Massaging the knee with ice could also help with osteoarthritis by improving muscle strength, reducing pain and decreasing any swelling.

But the body of evidence available is limited, so more research is needed to find out just how effective heat or cold treatments are for a knee injury.

How to apply a cold compress

Jul 29, 2020 · 4 min read

Everything from arthritis, pulled muscles, injuries to inflammation can be treated with hot and cold treatments. Either the cause of these is due to sitting for long hours at the desk or the injury caused after an intense workout session, any of these lead to discomfort in the area injured making you restless and this causes us to reach for either balms or pain reliever tablets to get some relief. And most of the time people forget the most appropriate way to recover fast from the injury, which is using hot and cold therapy wraps for treatment.

Tho u gh different injuries require different types of treatments hot and cold treatments are extremely effective and easily affordable. But the tricky part is deciding what situation calls for hot and what calls for cold treatments or compression on the area of concern. If the treatment is used correctly following an injury or before an exercise program, hot and cold can help the injury site with reduced pain, assist with fast healing, increasing flexibility, and controlling swelling as well. On the other hand, using incorrectly or for the wrong purpose, however, can aggravate your injury or worsen the condition or slow down the recovery at times.

Each method has its own separate mechanism for providing relief. Thermotherapy or heat therapy involves the use of heat to stimulate blood flow and circulation to the targeted area while reducing muscle tension and associated pain. On the other hand, cryotherapy also known as cold treatment involves exposing the injured area to cold temperatures, resulting in reducing blood supply in that area.

It is important to be careful when engaging in activities shortly after using hot or cold compression as it may affect muscle and nerve performance.

Given that both these treatments work differently, it depends upon the type of injury or pain when deciding which one is better suited to make you feel better.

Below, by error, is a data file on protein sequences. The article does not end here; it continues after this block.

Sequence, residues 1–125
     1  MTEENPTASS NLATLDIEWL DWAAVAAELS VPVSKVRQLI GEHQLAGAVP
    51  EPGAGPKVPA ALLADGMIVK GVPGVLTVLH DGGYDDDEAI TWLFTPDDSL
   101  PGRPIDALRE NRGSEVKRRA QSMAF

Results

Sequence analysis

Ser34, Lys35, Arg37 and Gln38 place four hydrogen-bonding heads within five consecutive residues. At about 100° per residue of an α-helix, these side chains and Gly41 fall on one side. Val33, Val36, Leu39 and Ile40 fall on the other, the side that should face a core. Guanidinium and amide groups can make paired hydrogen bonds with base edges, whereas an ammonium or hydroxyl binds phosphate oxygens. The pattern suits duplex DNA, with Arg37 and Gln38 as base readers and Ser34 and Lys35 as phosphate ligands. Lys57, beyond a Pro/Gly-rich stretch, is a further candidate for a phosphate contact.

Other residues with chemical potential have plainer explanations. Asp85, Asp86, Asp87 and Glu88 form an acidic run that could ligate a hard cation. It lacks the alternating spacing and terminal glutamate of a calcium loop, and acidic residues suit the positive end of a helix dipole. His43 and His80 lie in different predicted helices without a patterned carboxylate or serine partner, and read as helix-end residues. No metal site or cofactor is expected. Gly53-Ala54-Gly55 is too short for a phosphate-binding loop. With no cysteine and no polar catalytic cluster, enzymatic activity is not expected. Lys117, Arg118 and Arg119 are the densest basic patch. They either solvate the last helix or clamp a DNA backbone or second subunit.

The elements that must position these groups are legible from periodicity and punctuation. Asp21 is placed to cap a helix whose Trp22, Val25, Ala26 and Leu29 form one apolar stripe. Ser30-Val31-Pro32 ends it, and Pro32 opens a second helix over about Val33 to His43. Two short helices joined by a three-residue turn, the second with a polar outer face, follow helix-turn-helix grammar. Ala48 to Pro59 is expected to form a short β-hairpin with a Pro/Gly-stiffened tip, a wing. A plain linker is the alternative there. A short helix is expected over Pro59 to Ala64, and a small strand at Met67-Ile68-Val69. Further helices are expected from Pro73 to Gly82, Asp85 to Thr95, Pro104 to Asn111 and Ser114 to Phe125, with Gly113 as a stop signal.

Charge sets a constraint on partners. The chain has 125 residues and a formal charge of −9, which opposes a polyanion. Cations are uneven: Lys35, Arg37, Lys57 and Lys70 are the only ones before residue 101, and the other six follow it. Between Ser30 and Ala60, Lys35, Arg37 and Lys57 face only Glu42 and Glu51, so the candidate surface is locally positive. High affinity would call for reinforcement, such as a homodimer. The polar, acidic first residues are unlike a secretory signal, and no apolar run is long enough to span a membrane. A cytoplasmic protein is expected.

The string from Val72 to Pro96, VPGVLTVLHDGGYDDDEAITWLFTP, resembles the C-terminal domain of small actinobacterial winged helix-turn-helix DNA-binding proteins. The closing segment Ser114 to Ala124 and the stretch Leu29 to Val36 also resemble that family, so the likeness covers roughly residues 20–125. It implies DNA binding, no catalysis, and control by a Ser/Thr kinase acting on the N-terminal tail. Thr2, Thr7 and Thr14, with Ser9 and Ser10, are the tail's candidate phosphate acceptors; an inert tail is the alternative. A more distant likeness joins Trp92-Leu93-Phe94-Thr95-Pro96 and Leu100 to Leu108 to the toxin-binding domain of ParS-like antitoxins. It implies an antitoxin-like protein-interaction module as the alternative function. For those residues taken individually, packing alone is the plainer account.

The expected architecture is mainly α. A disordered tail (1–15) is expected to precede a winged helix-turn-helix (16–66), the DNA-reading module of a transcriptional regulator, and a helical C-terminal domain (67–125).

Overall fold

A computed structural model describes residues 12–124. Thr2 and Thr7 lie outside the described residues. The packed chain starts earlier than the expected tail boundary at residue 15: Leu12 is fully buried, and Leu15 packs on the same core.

Classifying treatments on the basis of injuries:

Acute injuries are typically caused due to sudden trauma, such as a fall or collision that has occurred within 48 hours. This injury might have been caused due to a sudden blow, fall, or accident resulting in a sprain. These are different from chronic injuries, that is the symptoms may include pain, tenderness, redness, warm skin, and swelling. But all this can be controlled with the help of cold treatment. Cold treatment or ice compression is most effective when it is applied early to the injury and often within 48 hours to help reduce swelling, control pain, or cool down the tissues.

How to Use Cold Treatment on Acute Injuries?

Apply cold compression to the injury and make sure that the affected area is in contact with the gel pack for at least 20 minutes. Cold treatment can be reapplied now and then or every two or three hours for the next 2 days or until the inflammation subsides.

Note that, there is always a light layer of cloth between the skin and the wrap to protect the skin from ice burns. Usually, if the injury is minor it will start to heal on its own.

The Signs of Inflammation have Diminished, What To Do?

In this case, alternating between hot and cold treatments may help in fast recovery as it will greatly increase the blood flow to the affected area. After giving the rest of three to five days of cold treatment, you can alternate between heat and cold.

Apply cold for a few minutes and then immediately switch to heat for a few minutes. Using a therapy pack can be helpful to achieve this easily, and can result in a massive increase of blood flow to the damaged area and promote quicker healing.